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The Moshe Dayan Carpet and the Beginning of the Nakba in Baq’aBy David Halaby
I was only six months old when this story happened, but I learned about it a generation later. I was moving house in Berkeley, California, and my father was helping in the effort. As I carried a small - by then almost antique - carpet into our new house, my father saw it and said, “Oh, so you ended up with the Moshe Dayan carpet.” My ears pricked up, “What do you mean?” “This is the carpet Moshe Dayan sat on when he came to a meeting at our family home.” Having not heard this story before, I stopped everything I was doing and asked him to explain.
I was born and lived in Upper Baq’a, a western suburb of Jerusalem. My great-grandfather, Tanas Daoud Halaby, had built our family home in the late 19th century - a traditional stone house, large enough for three generations of Halabys. It had a large veranda with a distinctive balustrade, a courtyard garden, and a red-tiled roof.
In January of 1948, Moshe Dayan, the Zionist military leader, had requested a meeting with the heads of families living in Baq’a. It was decided that the meeting would take place at our family home. Dayan came at the appointed time with his aide. After the first social courtesies, Dayan said, “Why don’t we all sit like the Arabs?” and then proceeded to sit down on the carpet with his aide. The people who were gathered in our living room looked at one another and said, “Let us sit like the Arabs,” and sat on the prearranged chairs, leaving Dayan and his aide on the carpet.
Dayan was apparently planning to bring some of his troops into the neighbourhood and wanted to find out what the people’s reaction would be. At the time the people in Baq’a were unarmed and not yet part of the conflict. They were resolutely opposed to any Zionist military control. Dayan was very disappointed in the outcome of the meeting; the next night he sent sappers to blow up our family home, but they mistakenly bombed the house next door, killing two teenage sisters in their beds.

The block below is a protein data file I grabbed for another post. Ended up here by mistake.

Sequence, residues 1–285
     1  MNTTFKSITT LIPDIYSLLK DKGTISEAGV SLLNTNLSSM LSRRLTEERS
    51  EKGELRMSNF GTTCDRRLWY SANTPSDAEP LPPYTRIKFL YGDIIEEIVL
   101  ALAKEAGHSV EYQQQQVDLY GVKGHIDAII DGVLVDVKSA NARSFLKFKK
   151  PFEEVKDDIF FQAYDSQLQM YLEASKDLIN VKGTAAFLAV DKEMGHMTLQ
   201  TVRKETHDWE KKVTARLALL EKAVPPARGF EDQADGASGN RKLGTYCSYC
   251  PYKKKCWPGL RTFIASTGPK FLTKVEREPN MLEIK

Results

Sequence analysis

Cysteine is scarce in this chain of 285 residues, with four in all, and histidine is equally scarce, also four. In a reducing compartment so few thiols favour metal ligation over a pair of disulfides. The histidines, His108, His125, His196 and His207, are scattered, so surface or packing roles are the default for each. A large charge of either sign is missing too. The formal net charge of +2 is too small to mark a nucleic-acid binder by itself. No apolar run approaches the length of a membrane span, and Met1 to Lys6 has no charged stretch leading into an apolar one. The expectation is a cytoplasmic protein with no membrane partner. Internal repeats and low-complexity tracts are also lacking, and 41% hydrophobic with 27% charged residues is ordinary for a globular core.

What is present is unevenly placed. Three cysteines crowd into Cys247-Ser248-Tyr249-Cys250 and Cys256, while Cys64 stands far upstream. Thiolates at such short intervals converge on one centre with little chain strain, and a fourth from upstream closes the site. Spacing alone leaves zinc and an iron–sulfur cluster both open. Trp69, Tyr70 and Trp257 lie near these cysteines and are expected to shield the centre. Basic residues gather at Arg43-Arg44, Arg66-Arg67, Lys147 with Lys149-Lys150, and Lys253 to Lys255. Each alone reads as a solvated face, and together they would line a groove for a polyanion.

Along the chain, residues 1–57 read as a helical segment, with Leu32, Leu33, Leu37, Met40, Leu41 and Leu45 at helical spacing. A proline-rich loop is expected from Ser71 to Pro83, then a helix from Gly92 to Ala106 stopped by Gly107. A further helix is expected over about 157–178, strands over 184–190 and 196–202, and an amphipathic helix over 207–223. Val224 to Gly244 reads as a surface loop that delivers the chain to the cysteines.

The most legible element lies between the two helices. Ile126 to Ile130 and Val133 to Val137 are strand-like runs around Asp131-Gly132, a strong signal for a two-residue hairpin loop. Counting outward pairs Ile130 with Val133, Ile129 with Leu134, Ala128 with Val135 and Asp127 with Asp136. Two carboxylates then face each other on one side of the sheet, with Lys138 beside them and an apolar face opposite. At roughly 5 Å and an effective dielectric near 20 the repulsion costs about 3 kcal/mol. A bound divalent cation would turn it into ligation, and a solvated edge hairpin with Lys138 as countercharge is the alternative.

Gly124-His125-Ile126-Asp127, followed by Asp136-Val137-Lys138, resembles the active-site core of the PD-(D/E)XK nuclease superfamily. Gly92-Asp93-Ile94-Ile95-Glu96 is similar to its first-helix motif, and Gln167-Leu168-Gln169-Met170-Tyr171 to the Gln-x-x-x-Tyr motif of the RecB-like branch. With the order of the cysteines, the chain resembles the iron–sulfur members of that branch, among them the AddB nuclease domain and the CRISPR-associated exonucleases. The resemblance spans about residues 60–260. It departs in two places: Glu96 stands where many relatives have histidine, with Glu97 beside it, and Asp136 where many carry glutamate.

Several days later my mother discovered an unexploded grenade that was thrown onto our veranda. This was the start of the Nakba for our family and the Baq’a neighbourhood. Immediately people began to arm themselves and take turns patrolling the streets at night.
My father and our neighbours defended our area as long as they could, but after the Deir Yassin massacre, they realised that they were no match for the brutality of the Zionist forces. People started to leave Baq’a for safer grounds, not realising that they would never be allowed to return to their homes.
David Halaby is a Palestinian-American who now lives in Berkeley, California.
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